Technology is a valuable assistance in caring for patients. Nurses who are with the patient on a 24-hour schedule often recognize that it is important and also recognize that the data, which is stored in the clinical information system on each patient, is extremely important in patient care.
Mrs. Jeng is an 89-year-old woman who was found on the floor of her home. She states that she got dizzy and sat on the floor and did not fall. She was brought in for observation and testing. Dr. Gupta reviews the nursing history in the EHR and the patient’s first assessment. While he is placing orders in the chart, he is given an electronic alert by the clinical information system to remind him that he may want to order an MRI of the brain to rule out a CVA. Dr. Gupta cancels the alert because he believes that observation of the patient and reevaluating her in the morning will suffice. As he walks on the floor the next morning, the nurse signals to him frantically to come and see Mrs. Jeng. It appears that she has had a major CVA. Dr. Gupta knows that this may have happened with or without Mrs. Jeng having had the MRI the day before, but he is concerned about the ramifications of his canceling the alert the day before.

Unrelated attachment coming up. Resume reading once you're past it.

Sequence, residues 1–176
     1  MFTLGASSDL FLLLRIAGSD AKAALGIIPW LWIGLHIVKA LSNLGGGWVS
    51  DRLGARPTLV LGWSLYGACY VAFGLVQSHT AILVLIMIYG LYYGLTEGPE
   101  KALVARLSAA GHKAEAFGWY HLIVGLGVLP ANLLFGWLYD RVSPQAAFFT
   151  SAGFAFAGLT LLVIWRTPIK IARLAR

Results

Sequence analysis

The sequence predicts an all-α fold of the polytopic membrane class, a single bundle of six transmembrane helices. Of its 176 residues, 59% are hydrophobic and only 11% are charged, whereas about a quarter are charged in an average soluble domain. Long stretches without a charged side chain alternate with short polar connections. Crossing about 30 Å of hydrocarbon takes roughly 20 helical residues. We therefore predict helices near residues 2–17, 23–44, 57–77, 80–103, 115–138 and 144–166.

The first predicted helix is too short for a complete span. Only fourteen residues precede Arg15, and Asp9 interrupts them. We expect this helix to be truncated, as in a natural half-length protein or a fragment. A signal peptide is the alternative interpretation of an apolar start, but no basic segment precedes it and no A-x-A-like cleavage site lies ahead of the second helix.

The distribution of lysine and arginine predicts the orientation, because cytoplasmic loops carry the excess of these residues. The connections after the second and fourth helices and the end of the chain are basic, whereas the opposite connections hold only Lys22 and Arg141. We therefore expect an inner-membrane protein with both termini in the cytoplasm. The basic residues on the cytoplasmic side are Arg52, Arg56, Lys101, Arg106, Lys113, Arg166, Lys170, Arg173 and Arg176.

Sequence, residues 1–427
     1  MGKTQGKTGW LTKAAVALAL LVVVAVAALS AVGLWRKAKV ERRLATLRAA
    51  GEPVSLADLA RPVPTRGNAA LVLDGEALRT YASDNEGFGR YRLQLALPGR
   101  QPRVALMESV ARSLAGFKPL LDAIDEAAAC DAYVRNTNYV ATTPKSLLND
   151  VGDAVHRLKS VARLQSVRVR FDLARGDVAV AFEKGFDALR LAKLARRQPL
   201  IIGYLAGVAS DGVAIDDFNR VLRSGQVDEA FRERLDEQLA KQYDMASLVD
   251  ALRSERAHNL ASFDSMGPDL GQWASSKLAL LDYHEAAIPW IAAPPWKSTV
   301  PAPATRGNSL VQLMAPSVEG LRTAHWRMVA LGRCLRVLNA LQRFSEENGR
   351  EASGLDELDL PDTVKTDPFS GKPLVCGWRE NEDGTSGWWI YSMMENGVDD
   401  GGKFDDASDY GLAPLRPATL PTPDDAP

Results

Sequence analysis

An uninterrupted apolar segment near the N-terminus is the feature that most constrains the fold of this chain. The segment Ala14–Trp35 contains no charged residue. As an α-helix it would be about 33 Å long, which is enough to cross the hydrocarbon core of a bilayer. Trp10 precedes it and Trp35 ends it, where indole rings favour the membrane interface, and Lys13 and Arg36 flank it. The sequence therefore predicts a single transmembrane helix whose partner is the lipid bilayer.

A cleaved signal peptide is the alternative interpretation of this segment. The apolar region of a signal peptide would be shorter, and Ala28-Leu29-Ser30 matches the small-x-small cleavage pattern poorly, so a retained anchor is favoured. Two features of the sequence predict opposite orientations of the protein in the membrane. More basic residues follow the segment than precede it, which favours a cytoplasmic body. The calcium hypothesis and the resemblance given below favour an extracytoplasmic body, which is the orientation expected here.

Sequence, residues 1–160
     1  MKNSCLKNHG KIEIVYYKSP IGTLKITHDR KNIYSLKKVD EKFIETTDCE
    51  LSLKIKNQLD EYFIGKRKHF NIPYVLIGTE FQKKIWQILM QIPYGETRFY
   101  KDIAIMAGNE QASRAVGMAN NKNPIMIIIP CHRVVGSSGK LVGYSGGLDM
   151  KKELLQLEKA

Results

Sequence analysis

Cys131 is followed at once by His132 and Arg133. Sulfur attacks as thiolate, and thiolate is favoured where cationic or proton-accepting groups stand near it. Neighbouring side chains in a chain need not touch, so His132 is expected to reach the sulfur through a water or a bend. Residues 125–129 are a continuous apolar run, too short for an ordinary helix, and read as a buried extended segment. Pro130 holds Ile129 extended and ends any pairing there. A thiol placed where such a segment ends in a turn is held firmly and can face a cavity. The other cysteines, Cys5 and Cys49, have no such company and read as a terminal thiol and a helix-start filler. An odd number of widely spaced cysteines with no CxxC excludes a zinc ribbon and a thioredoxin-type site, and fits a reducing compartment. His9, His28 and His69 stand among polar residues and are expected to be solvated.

Dr. Gupta cancelled that alert because he felt that it was not clinically necessary. How did the CIS (Clinical Information System) “know” that an MRI of the brain is/was an appropriate intervention?
What are the potential ramifications for Dr. Gupta canceling the alert?
Discuss how the nurse might have intervened in the situation.
Identify at least 4 ramifications for Dr. Gupta.
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